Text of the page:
rss
J Neurol Neurosurg Psychiatry 64:371-374 doi:10.1136/jnnp.64.3.371
  • Short report

Depression and its relation to lesion location after stroke

  1. Siobhan M MacHalea,
  2. Suzanne J O’Rourkeb,
  3. Joanna M Wardlawb,
  4. Martin S Dennisb
  1. aRoyal Edinburgh Hospital, Edinburgh EH10 5HF, UK, bDepartment of Clinical Neurosciences, Western General Hospital, Edinburgh EH4 2XU, UK
  1. Dr S M MacHale, Department of Psychological Medicine, The Royal Infirmary of Edinburgh, Lauriston Place, Edinburgh EH3 9YW, UK.
  • Received 1 May 1997
  • Revised 26 August 1997
  • Accepted 28 August 1997

Abstract

The study of discrete organic cerebral lesions resulting in clearly definable psychiatric disorders may provide an understanding of the underlying patho-physiological basis of these disorders. However, the relation between lesion location and psychiatric illness after stroke remains unclear. Fifty five patients referred to hospital were identified who had a single lesion on CT which was consistent with their neurological presentation and who did not have evidence of a persistent affective disorder at the time of the stroke. Six months after stroke standardised psychiatric assessment disclosed that 26% of the patients met DSM-IV criteria for an anxiety or depressive disorder, with depression the most common diagnosis (20%). Pathological emotionalism was diagnosed in 18% of patients, particularly those who were depressed (p<0.0001). Depression was significantly associated with larger lesions involving the right cerebral hemisphere (p=0.01). The importance of depression as a consequence of stroke has been clarified by the studies in this area. However, wide confidence intervals support the possibility that significant results may be due to chance. A systematic review of these studies is now needed if a consensus is to be reached.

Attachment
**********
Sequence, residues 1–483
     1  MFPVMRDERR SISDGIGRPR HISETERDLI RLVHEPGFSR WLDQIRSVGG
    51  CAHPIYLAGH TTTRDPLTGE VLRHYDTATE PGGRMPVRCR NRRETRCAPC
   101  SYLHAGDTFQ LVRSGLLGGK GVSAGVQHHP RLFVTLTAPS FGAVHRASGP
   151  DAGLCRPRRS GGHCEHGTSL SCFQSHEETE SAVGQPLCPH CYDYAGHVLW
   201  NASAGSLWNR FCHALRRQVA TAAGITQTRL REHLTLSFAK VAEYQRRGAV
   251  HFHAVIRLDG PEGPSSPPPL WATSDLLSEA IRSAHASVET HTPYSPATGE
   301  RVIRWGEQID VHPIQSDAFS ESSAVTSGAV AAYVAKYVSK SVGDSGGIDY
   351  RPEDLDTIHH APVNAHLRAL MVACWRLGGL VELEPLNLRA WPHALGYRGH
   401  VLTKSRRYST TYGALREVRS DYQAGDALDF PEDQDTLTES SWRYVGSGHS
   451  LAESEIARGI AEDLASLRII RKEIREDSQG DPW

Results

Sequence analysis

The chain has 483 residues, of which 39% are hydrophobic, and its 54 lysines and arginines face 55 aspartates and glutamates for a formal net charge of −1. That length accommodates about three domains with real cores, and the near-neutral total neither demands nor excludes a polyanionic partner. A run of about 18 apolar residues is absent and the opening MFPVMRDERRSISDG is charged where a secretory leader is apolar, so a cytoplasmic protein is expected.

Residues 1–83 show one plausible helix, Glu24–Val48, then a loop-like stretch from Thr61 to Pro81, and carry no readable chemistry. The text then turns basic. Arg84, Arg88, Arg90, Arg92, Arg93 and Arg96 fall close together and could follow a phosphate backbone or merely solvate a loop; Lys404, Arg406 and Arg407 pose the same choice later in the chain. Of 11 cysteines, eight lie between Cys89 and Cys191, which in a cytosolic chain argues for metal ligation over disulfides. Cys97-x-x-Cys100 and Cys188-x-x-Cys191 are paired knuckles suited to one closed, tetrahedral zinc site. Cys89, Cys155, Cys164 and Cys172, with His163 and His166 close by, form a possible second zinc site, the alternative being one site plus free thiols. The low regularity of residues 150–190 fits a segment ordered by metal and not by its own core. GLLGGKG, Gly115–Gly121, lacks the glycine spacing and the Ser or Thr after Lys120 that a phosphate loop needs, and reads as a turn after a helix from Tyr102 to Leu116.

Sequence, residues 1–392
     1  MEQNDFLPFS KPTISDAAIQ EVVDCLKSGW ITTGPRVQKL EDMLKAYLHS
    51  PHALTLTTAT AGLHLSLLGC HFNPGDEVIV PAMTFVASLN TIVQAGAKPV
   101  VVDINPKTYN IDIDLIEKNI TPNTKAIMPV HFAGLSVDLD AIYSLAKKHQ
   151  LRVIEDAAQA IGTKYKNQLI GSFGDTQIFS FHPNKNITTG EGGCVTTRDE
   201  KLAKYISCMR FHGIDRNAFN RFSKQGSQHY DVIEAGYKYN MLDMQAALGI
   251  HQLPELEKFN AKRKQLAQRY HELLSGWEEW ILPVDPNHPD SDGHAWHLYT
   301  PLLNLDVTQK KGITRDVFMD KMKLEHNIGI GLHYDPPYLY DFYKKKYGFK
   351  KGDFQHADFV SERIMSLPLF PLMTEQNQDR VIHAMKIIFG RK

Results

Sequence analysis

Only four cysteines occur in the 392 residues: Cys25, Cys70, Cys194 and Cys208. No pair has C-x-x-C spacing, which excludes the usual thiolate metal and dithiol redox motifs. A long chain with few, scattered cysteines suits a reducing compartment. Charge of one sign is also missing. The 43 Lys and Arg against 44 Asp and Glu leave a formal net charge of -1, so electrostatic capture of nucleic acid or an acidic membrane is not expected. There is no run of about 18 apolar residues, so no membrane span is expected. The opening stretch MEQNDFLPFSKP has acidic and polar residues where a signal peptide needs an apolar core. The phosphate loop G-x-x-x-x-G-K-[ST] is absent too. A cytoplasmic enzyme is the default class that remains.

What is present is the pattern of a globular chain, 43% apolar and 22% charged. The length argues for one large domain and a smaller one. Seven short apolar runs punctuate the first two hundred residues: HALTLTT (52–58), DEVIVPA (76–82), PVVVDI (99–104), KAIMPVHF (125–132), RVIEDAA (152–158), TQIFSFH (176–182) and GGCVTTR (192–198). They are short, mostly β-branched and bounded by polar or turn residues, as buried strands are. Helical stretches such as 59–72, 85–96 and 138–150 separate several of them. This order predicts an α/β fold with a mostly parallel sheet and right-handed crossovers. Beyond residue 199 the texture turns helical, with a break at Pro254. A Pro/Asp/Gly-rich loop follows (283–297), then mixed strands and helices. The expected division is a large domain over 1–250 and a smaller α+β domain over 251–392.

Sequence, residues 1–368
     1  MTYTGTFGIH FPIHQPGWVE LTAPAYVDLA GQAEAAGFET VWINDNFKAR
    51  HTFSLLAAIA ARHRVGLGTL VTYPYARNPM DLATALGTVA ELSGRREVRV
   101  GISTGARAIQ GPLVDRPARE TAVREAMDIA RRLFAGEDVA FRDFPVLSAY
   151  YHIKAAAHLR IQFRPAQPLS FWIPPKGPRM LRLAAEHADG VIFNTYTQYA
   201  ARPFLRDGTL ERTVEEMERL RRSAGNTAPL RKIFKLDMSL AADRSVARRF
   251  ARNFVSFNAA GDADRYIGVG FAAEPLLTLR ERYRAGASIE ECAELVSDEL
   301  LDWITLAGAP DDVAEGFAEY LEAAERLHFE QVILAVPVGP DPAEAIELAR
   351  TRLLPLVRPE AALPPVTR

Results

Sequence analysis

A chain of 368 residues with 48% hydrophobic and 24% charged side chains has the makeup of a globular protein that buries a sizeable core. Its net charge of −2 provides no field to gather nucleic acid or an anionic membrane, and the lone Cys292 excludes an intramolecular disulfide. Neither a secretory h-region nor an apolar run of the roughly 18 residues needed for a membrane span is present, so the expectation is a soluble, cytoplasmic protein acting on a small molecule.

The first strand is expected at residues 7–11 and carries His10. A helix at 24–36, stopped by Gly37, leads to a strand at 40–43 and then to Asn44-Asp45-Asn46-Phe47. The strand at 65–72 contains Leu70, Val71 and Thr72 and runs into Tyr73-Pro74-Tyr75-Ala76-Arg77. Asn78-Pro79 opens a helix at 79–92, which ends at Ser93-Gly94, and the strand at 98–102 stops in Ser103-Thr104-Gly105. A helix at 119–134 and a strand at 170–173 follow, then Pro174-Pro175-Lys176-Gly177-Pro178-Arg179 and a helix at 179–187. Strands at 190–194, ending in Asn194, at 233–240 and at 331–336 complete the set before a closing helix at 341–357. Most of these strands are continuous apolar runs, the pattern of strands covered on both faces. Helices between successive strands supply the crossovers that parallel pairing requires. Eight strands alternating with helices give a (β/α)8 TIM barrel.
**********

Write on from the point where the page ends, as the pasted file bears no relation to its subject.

Footnotes

    Podcasts
    Visit the full archive of podcasts for JNNP here >>

    Free sample
    This recent issue is free to all users to allow everyone the opportunity to see the full scope and typical content of JNNP.
    View free sample issue >>

    Don't forget to sign up for content alerts so you keep up to date with all the articles as they are published.

    Navigate This Article